Dr. Oliver Bronson House & Art Exhibit

Today I got to visit the Dr. Oliver Bronson in the city of Hudson. Seldom do they open the doors for the public, so I feel very lucky to have experienced it this weekend. Adding to the treat, the city invited 3 known artists to show within the house’s walls. The artist chose not to be tagged and titled as any other gallery, making each piece blend exquisitely with the historic home.

Valerie Hammond’s pop of color and delicate work felt like a door into a dark and fascinating (sometimes terrifying) world. It really enhanced the surrealness of the environment surrounding it.

Kiki Smith’s drawings where really fragile yet depicted some interesting and complex characters. They where a perfect fit with its harsh yet beautiful home.

Seton Smith’s photographs displayed the hazy beauty of this grand structure. A great compliment to the exhibit.

I was incredibly please and enjoyed every minute of this gem. Thank you Hudson for organizing such a great group of artist, they were made for this historic property.

Built in 1812, the Dr. Oliver Bronson’s was declared a national historical landmark in 2003 and has been going through renovations since. If you want to help and become part of this incredible piece of history’s facelift, you can make a donation to Historic Hudson, Inc. 

Fun Fact: The Oliver-Bronson house was in the 2012 Bourne Legacy film as Shearing’s (Rachel Weisz) home.

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Thomas Witte

I met artist Thomas Witte a few weeks ago and really enjoyed his work. Thomas and I have a tentative studio visit where we will discuss his work and I will take some photos of workshop (Stay tuned!). But in the meantime, If you live in NYC or will be in the area in a few weeks, his studio will be open to the public for a walk-through as part of ‘behind-the scenes’ tour of the Brooklyn Navy Yard this April 9th. Below are a few examples of his work.


©all work by thomas witte

Amelia Biewald

I’ve been walking by this exhibit for a week or so on my way to work and finally took a few minutes to see it. Amelia Biewald‘s Perfect from now on’ exhibit at the MagnanMetz gallery in Chelsea, includes of a giant chandelier, which captures your attention right away, as well as rotating, life-sized/crystallized animals, intricate drawings and incredibly detailed dioramas.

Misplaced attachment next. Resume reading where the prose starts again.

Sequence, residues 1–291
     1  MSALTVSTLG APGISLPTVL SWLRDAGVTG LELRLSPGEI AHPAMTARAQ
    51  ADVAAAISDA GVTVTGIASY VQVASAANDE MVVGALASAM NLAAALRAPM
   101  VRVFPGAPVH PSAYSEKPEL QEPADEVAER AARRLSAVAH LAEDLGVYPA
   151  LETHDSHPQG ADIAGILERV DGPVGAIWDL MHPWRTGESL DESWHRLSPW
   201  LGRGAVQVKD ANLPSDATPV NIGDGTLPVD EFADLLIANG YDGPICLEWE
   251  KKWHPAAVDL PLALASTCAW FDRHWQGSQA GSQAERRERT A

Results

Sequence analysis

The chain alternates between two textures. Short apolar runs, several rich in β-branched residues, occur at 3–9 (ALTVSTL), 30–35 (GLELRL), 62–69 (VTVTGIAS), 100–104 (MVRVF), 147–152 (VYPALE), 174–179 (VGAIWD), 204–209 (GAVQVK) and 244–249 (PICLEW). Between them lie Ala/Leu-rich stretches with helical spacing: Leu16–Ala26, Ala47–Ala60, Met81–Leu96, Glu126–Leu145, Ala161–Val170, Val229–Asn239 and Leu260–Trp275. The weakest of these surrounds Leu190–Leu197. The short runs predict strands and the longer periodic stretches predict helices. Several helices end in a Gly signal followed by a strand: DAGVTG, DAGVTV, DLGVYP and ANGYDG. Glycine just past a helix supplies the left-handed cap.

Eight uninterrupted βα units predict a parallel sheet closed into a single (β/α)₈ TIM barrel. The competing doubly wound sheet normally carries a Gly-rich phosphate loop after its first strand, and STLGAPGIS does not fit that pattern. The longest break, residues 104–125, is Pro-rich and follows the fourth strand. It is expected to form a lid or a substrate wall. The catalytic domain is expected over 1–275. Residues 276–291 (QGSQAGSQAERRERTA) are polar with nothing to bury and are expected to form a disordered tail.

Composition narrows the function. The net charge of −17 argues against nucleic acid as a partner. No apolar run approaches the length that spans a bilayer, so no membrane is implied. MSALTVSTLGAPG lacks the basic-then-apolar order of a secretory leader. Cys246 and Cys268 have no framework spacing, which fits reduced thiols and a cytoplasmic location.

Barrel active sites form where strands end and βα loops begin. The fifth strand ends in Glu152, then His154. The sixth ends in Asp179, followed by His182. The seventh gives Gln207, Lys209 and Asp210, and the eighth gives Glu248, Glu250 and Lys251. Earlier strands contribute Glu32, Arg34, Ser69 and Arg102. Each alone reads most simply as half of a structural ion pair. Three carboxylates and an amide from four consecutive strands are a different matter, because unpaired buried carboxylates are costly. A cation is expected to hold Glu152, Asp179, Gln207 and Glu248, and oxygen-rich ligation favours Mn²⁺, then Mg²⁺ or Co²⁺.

There’s a thick sense of a dark fairy tale taking place especially with the little worlds inside these beautiful glass bell jars. The huge wall piece, which was inspired by the slow formation of cave structures, shows a meticulous layered process. There is a nice contrast of beauty, time and chaos in this room and I suggest you swing by and check it out. It runs until Dec. 23rd.

Dia:Beacon

I had the chance to visit Dia:Beacon for the first time this past weekend. A lovely autumn drive 1.5 hours north, lunch with friends, and afternoon viewing art. perfect.

I was really impressed with the museum. The huge warehouse turned art space, filled with contemporary art. I wanted to run around and take a million pictures, but got stopped after my first snap shot. The overwhelming size of the space is enhanced by the sheer amount of natural light that accompanied it, really giving these works of art a gorgeous environment to shine. My highlights, Richard Serra, Michael Heizer and Sol Lewitt. Michael Heizer’s ground sculptures are truly impressive and it made me wonder how I would get out if I fell in…. I wish they had more massive Serra’s to run around in…. Sol Lewitts drawings made me dizzy and felt a headache coming on after a while, but I thought that was a good thing! ha. The amount of detail in these drawings, plus their light and fragile presence is hard to take all at once. Fascinating how it affected my brain! This whole place was pretty awesome. If you ever are visiting NYC, take a short trip up the Hudson on the train (gorgeous ride) and hop off at beacon, NY. They also have an art festivals throughout the year… I have to check those out.

Photo by Neal Boenzi/NYT. Sol Lewitt at his studio in 1961.


Photo of Richard Serra and his work.


Photo of Michael Heizer art work at dia:beacon